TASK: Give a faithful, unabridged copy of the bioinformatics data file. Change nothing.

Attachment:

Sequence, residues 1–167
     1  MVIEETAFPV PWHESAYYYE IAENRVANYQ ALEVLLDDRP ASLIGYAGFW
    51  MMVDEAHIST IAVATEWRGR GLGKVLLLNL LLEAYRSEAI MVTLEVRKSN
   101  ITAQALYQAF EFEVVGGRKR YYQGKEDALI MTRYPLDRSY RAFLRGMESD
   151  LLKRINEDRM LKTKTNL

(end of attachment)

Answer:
Sequence, residues 1–167
     1  MVIEETAFPV PWHESAYYYE IAENRVANYQ ALEVLLDDRP ASLIGYAGFW
    51  MMVDEAHIST IAVATEWRGR GLGKVLLLNL LLEAYRSEAI MVTLEVRKSN
   101  ITAQALYQAF EFEVVGGRKR YYQGKEDALI MTRYPLDRSY RAFLRGMESD
   151  LLKRINEDRM LKTKTNL